Published by Vintage on May 12, 2015
Source: I received a copy of this book from the publisher for review consideration.
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Oliver Dalrymple, nicknamed "Boo" because of his pale complexion and staticky hair, is an outcast at his Illinois middle school--more interested in biology and chemistry than the friendship of other kids. But after a tragic accident, Boo wakes up to find himself in a very strange sort of heaven: a town populated only by 13-year-old Americans. While he desperately wants to apply the scientific method to find out how this heaven works (broken glass grows back; flashlights glow without batteries; garbage chutes plummet to nowhere), he's confronted by the greatest mystery of all--his peers. With the help of his classmate Johnny, who was killed at the same time, Boo begins to figure out what exactly happened to them (and who they really were back in America) through this story about growing up, staying young and the never-ending heartbreak of being thirteen.
It’s fitting that there are so many copies of Lord of the Flies in the “strange sort of heaven” in which Boo takes place. The children there have developed a way to govern themselves, but their peaceful life (afterlife, rather) is challenged with the appearance of Boo, his classmate Johnny, and the mystery surrounding their deaths.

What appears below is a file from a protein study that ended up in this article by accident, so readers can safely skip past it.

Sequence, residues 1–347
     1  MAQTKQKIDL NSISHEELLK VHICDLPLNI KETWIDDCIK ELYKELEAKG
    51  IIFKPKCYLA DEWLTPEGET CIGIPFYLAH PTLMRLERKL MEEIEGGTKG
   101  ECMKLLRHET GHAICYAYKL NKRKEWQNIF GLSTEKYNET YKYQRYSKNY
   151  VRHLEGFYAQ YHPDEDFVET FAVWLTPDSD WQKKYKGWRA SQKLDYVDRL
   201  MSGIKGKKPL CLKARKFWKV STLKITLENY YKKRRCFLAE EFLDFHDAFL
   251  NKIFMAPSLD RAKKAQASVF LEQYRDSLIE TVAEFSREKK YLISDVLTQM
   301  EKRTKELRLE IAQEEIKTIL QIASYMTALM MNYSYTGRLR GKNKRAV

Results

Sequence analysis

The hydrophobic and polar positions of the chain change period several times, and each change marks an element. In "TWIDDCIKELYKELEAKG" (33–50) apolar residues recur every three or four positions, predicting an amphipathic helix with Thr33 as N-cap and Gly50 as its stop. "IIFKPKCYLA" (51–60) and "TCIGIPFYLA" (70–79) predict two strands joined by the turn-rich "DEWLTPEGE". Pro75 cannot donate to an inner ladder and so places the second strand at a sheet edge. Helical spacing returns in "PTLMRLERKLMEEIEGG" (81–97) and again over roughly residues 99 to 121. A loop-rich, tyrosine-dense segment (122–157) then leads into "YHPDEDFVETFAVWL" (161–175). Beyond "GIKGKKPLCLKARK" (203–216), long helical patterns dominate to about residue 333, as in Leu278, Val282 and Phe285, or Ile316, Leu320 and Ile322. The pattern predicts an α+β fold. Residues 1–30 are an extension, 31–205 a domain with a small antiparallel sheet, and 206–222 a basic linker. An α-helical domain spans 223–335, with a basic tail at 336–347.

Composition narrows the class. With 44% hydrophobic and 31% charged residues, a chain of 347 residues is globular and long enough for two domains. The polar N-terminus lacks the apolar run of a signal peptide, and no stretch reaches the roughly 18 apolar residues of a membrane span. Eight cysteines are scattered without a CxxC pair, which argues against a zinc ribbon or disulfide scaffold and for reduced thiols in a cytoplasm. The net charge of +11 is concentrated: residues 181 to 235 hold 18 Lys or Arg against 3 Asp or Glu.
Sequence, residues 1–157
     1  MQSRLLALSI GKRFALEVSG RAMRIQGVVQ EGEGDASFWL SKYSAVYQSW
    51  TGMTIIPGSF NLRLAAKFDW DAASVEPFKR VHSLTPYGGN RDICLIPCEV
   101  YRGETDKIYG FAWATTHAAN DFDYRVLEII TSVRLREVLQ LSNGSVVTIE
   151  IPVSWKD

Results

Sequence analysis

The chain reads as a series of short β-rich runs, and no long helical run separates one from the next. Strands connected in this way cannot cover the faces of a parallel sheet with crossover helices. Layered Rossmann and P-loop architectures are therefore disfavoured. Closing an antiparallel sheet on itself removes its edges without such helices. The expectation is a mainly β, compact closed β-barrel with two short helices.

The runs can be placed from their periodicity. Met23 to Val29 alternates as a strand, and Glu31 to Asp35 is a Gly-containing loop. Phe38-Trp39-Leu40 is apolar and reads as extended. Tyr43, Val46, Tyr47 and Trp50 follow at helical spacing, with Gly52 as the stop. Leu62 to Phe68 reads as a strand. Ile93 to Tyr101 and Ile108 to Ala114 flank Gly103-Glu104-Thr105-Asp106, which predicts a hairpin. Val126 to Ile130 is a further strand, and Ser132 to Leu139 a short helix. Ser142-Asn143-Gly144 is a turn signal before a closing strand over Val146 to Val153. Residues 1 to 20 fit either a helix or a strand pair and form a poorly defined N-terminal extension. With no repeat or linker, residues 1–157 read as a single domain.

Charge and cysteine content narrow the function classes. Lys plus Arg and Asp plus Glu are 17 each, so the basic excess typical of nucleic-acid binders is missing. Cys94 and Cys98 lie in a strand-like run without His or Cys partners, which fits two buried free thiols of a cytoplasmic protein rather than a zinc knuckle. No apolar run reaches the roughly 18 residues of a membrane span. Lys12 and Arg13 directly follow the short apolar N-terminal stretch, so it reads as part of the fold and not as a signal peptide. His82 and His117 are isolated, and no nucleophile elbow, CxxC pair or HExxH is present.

The best thing about this book is it feels both character-driven and plot-driven. If you enjoy watching characters develop as they face both inner and external conflict, you love this novel. If you enjoy plot-driven novels, you’ll love this book’s “whodunit” thrill. (That aspect, by the way, kept me guessing to the end).
Every person in this afterlife has his or her own theology, spirituality, or way of reasoning, and they treat each other with great respect in that regard. Naturally, there’s a lot in their society that mirrors our own. Social issues that apply to us, the living, are woven into the story in subtle ways that really get you thinking.
This is a book you’ll want to talk about, so get a friend or your book group to read this one with you! (You can also come over to The Socratic Salon when we discuss it next month).